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Tuesday, June 28, 2011

Delicious Old Fashion Recipes for Preparing Beef



Often the best recipes are the older ones. Do you fondly remember meals served by your grandmothers and/or mother? I have wonderful memories of eating at both my grandmothers houses. My paternal grandmother cooked on a big old cast iron wood powered cook stove and I remember it fondly. I grew up next door to my maternal grandmother and would always find a reason to be walking past her kitchen windows at dinner time. I rode a school bus several miles over the Indiana hillside to school and back. I loved walking into the house and being greeted by delicious aromas coming from the kitchen. Try these old fashioned recipes for preparing some very tasty beef dishes and maybe they will bring you some fond memories, too. Our filet mignon was made with ground beef!
This family recipe is from the early 50s.
8 to 10 slices bacon
2 lbs ground beef
1/4 cup chopped onion
1 cup American cheese (grated)
2 tbsp catsup
1 egg, beaten
1 tsp salt
1/2 tsp pepper
3 tsp Worcestershire sauce
Place bacon on a board with strips side by side. Combine the remaining ingredients together and mix well. Roll meat mixture into a 10-inch roll. Draw the bacon strips around the meat and hold in place with toothpicks. Slice into 1-inch rounds so that bacon surrounds each slice. Broil on each side until browned and done to your taste.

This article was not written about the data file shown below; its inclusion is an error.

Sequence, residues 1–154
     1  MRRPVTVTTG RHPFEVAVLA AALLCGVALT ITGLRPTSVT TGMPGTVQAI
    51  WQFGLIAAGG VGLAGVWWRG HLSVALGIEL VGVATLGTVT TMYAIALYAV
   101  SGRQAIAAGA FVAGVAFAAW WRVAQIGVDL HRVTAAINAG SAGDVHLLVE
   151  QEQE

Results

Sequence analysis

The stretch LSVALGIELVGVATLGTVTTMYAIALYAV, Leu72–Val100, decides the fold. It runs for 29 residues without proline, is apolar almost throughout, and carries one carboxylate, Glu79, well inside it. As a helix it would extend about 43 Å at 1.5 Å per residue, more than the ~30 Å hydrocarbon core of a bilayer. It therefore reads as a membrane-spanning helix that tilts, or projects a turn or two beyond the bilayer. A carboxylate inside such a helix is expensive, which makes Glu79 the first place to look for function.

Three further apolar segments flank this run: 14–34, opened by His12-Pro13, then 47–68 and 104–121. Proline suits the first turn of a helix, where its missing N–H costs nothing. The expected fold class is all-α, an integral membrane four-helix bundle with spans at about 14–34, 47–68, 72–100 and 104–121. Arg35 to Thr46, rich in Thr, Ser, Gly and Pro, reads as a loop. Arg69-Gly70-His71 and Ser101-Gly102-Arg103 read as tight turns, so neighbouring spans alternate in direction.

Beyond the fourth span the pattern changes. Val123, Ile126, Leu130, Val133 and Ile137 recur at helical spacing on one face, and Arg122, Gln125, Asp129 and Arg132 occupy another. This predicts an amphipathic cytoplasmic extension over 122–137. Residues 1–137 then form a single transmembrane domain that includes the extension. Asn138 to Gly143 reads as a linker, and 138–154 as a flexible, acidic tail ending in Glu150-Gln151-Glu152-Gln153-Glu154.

This is a recipe from my childhood in Southern Indiana during the 1940s and 50s. This is still one of my favorite ways to prepare a chuck roast.
3 lb chuck roast
salt and pepper to taste
1 pkg dry onion soup mix
1/2 lb fresh mushrooms, sliced
Sprinkle the chuck roast with salt and pepper to suit your taste. Rub the dry onion soup mix onto the top of the roast and top with the sliced mushrooms. Wrap the roast in foil, seal, and put into a 350 degree oven. Bake for 2 hours. (I make this recipe in my slowcooker now!)
3 lb beef short ribs
3 tbsp lard
salt to suit taste
pepper to taste
1 onion, quartered
1/2 cup brown sugar
1 tsp dry mustard
1 tbsp flour
2 tbsp vinegar
2 tbsp lemon juice
1 bay leaf
2 cup water
Melt lard in large saucepan or Dutch oven. Brown meat and drain off excess drippings. Season ribs with salt and pepper. Mix remaining ingredients, except flour, together and pour over ribs; heat to boiling. Cover and simmer for two hours. Remove ribs and thicken sauce with the flour.